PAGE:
The McKay mss., 1919-1948 and 1968, consist principally of the correspondence of Claude McKay, 1890-1948, poet and Max Eastman, 1883-1969, author. The letters begin in 1919 shortly after their first meeting at Croton-on-the-Hudson, New York. They continue from abroad at Petrograd, Moscow, Avignon, Berlin, Barcelona, and during a nearly four year sojourn in Tangier, Morocco. Upon his return to the United States in 1934 he became interested in starting a new periodical of African affairs called Bambara. But shortly thereafter he spent a few months at Camp Greymont in New York, a work relief camp. He continued to write, to endeavor to have his writings published, to struggle with privation and ill-health, and to recall the days when he served as an editor on The Liberator. In 1944 he became a consultant on communism and the Negro and on the Russian Revolution to the Catholic Youth Organization in Chicago, Illinois. The following October he was baptized into the faith of the Roman Catholic Church. In 1946 McKay went to Albuquerque, New Mexico, for his health. A telegram in 1948 from friend Selma Burke announcing his funeral arrangements and a letter of 1968 from literary agent Carl Cowl both refer to McKay's daughter, Mrs. Hope (McKay) Virtue.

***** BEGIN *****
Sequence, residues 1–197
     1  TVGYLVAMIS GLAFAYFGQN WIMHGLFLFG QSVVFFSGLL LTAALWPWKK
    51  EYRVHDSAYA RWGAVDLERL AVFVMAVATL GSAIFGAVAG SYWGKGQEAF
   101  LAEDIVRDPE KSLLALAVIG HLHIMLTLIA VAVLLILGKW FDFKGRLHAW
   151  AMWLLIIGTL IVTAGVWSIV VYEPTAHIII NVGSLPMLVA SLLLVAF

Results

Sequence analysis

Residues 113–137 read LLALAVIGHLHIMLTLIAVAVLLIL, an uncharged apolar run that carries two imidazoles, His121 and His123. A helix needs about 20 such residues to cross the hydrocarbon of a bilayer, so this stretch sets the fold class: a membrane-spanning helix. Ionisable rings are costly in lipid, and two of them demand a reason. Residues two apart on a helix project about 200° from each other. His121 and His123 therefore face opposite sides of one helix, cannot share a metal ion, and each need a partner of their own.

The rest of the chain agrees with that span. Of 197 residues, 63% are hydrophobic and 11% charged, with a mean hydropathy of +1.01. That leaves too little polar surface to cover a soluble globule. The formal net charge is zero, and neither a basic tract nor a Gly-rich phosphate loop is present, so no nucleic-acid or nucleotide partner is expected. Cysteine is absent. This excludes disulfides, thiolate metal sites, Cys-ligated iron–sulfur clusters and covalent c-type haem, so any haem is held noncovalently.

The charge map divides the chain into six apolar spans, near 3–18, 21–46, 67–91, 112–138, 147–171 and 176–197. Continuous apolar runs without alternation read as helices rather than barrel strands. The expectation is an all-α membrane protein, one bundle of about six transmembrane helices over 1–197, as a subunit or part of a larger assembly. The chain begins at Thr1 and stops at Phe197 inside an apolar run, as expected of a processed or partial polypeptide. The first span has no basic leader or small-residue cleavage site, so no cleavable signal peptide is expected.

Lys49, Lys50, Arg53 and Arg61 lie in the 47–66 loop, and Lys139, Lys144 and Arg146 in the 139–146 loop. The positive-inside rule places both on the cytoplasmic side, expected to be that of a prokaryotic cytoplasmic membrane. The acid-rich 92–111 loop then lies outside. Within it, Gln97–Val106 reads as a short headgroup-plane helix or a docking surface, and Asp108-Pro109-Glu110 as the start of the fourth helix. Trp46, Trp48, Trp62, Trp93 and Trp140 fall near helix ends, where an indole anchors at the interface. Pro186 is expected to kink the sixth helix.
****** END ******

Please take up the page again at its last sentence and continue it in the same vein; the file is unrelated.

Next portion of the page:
The correspondents are Donald Clifford Brace, Selma Burke, Grace Campbell, Carl Cowl, Max Eastman, Gustave Lippman, Claude McKay, Charles F. Paterno, John J. Trounstine, Oswald Garrison Villard, and Vivian Lancaster Virtue.
Included are receipts for money forwarded to Claude McKay by Eastman, printed material by and about McKay, and snapshots of McKay's tombstone, Hope (McKay) Virtue, and Carl Cowl.
Collection size: 103 items